Analysis: What's Up With the Title?
Let's start with the simple facts before we get into all the swirling connotations. "Ulysses" is the Latin name for the Greek hero of Homer's epic, the Odyssey, on which Joyce's novel is based. As you read through the book and this guide, you'll learn that each of the eighteen sections in Joyce's book corresponds to a specific episode in Homer's. Why would Joyce do this? Well, there are a bunch of explanations for it, but we'll try to give the simplest and most straightforward of them. The Odyssey is the classic "epic poem." From the Western point of view, it marks the beginning of literature. By titling his novel, Ulysses, Joyce was harkening back to the start of literature and staking his place in it.
But he was also challenging Homer. With his novel, Joyce changed the way people thought of the concepts of "epic," and "hero." Instead of Ulysses experiencing adventures as he navigates his way home to Penelope, Joyce gives us an ordinary Jewish man by the name of Leopold Bloom, trying to make his way through a (relatively) normal day in Dublin, Ireland. By doing so, Joyce moves the genre of epic from wild globetrotting adventures into the mind of an average man. The Odyssey becomes a mental journey through the perils of everyday life: embarrassment, boredom, despair, lust, pride, etc. Making the journey a mental one allows Joyce to elevate the everyday to Homeric levels; he re-invents the epic by treating Leopold Bloom as a hero.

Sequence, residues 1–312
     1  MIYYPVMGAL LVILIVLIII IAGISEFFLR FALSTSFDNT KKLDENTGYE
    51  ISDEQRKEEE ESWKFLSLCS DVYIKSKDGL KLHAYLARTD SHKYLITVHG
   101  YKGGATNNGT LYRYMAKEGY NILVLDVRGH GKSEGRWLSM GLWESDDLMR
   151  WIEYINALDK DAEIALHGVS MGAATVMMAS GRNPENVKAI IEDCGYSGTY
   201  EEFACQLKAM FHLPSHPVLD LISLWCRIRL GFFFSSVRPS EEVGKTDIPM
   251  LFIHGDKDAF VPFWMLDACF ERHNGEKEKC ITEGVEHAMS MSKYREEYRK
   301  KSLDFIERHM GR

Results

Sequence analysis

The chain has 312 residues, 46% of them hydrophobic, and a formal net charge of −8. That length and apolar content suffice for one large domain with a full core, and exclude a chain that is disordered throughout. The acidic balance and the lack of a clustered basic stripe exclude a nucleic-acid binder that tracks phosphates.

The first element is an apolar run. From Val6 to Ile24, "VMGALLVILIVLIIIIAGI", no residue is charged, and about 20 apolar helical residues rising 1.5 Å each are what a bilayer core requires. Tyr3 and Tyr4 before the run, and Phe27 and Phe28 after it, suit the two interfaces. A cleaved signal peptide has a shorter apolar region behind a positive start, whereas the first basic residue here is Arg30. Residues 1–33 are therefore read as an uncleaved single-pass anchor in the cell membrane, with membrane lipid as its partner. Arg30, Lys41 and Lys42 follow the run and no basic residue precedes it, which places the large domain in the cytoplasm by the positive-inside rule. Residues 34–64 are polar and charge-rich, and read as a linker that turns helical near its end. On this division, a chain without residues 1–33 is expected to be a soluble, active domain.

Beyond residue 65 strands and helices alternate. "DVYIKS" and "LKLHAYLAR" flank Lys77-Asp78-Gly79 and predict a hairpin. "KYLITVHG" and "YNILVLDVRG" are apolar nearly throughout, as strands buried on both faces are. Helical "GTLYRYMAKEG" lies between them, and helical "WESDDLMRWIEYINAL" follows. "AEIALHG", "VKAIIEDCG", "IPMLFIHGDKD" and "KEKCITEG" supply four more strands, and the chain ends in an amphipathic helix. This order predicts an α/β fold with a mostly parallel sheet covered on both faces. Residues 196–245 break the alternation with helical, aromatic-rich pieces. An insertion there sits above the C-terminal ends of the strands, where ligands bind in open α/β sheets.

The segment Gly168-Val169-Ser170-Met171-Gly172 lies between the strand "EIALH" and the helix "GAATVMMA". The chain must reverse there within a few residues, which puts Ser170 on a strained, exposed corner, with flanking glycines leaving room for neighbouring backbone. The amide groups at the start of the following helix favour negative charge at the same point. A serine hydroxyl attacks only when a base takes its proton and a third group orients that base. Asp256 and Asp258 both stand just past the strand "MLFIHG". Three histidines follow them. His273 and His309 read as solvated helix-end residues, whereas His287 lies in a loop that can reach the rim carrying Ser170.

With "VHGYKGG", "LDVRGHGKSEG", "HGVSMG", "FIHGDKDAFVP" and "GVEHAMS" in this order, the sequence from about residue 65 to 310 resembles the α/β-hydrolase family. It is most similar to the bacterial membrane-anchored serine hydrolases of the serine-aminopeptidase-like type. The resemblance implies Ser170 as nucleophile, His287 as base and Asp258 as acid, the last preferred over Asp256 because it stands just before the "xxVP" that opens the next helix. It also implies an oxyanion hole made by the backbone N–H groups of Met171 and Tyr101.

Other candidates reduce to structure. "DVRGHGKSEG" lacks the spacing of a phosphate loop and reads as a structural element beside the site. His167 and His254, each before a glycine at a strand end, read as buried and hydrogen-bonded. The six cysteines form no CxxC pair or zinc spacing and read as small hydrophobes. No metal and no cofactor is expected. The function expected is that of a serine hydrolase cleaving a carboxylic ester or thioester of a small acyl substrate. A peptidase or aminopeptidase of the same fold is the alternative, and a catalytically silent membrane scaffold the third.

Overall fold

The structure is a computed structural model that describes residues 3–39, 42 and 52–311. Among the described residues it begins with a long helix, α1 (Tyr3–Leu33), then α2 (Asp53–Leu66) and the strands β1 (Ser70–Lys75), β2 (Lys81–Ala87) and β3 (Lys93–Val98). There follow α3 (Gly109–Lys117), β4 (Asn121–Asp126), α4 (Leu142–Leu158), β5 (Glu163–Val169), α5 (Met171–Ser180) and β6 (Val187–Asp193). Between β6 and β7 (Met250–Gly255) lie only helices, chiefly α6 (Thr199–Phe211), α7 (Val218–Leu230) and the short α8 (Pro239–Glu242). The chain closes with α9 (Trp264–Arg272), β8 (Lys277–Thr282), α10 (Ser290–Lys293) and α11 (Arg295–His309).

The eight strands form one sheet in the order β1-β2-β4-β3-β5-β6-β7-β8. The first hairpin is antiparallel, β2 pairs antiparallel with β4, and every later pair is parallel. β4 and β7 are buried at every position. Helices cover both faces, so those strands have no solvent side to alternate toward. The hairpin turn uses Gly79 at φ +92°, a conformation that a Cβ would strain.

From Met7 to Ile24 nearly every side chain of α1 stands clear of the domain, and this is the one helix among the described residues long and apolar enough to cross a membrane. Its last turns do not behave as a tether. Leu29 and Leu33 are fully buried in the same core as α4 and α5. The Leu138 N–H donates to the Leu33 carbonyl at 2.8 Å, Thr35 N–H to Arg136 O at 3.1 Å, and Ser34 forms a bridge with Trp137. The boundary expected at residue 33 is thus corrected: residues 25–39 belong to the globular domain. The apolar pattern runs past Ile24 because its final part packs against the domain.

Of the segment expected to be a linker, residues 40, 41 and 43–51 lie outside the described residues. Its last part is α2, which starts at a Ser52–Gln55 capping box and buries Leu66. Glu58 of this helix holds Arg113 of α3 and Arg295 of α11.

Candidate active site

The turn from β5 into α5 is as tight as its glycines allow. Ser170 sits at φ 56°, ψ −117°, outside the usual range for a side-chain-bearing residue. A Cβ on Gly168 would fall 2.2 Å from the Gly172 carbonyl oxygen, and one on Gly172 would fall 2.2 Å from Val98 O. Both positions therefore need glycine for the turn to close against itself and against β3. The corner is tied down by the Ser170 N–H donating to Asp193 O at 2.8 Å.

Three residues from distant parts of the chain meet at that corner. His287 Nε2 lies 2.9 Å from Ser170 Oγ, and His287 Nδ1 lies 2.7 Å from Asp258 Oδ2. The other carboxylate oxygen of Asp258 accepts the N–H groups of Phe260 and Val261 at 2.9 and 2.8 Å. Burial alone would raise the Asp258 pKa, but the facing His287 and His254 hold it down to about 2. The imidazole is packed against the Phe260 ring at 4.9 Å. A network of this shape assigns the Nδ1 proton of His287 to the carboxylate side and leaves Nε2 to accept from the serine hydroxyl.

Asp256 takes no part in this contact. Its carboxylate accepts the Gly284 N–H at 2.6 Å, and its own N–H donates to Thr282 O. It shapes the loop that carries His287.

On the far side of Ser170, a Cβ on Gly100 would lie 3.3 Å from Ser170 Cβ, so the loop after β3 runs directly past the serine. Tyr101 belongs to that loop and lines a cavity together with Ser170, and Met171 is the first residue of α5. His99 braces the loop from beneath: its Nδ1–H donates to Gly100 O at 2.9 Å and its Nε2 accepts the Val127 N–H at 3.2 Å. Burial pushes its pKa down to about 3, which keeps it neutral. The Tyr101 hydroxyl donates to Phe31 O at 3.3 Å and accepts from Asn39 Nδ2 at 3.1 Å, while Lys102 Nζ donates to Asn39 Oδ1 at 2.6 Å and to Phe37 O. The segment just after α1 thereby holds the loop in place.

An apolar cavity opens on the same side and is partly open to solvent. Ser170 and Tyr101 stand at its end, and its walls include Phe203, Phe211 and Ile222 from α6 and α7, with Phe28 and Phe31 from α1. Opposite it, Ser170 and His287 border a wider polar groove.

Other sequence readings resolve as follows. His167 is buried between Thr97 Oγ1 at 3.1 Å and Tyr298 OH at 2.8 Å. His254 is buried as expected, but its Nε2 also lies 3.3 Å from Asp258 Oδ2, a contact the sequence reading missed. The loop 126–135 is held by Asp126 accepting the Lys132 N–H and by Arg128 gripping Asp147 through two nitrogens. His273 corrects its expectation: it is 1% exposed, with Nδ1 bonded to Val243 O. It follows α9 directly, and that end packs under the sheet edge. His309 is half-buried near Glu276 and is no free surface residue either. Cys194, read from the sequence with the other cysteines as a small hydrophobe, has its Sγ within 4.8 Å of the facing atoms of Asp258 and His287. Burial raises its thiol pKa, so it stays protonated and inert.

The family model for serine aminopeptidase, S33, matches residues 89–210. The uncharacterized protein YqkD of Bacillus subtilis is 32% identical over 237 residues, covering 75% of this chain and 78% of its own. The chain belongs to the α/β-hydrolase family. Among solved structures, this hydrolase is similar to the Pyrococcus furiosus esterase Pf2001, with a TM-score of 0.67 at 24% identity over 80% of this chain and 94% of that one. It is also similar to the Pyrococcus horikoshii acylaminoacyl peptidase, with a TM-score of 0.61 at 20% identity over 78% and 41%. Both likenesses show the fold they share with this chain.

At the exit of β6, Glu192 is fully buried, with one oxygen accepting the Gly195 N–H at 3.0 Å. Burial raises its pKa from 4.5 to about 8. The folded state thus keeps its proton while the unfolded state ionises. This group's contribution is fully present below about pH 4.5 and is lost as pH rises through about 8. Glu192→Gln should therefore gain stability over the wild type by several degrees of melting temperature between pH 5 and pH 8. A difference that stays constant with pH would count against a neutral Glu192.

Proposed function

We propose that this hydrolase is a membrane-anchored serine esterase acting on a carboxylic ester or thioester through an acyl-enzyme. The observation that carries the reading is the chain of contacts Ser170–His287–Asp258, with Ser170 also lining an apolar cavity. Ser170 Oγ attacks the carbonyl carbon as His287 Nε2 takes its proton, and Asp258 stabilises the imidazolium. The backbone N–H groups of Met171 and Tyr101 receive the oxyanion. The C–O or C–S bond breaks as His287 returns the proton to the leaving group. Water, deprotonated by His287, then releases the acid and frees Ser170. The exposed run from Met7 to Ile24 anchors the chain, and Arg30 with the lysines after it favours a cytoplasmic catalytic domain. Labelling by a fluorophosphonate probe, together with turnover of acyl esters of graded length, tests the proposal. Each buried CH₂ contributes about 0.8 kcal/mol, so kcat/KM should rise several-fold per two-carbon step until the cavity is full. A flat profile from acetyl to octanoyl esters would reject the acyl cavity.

A last point to ponder: why did Joyce choose the Latin name, "Ulysses," over the Greek one, "Odysseus?" In actuality, Joyce first encountered Ulysses as a child and he happened to be exposed to the Latin name first. Thinking beyond that simple point the choice of "Ulysses" over "Odysseus" can raise some interesting questions.
In Homer's work, Odysseus is treated as a hero, renowned for his cunning and his sly intelligence. Yet in the first great Latin epic, the Aeneid, Virgil often refers to Ulysses as "the cruel Ulysses." It seems that Odysseus's deceitful tricks didn't correspond to Roman notions of honor. So then why choose the latter name, the one that is so often tied to an epithet? Does it simply sound better? Or is there some sort of turn-of-the-century equivalent to "Roman honor" in Dublin that Leopold Bloom does not meet?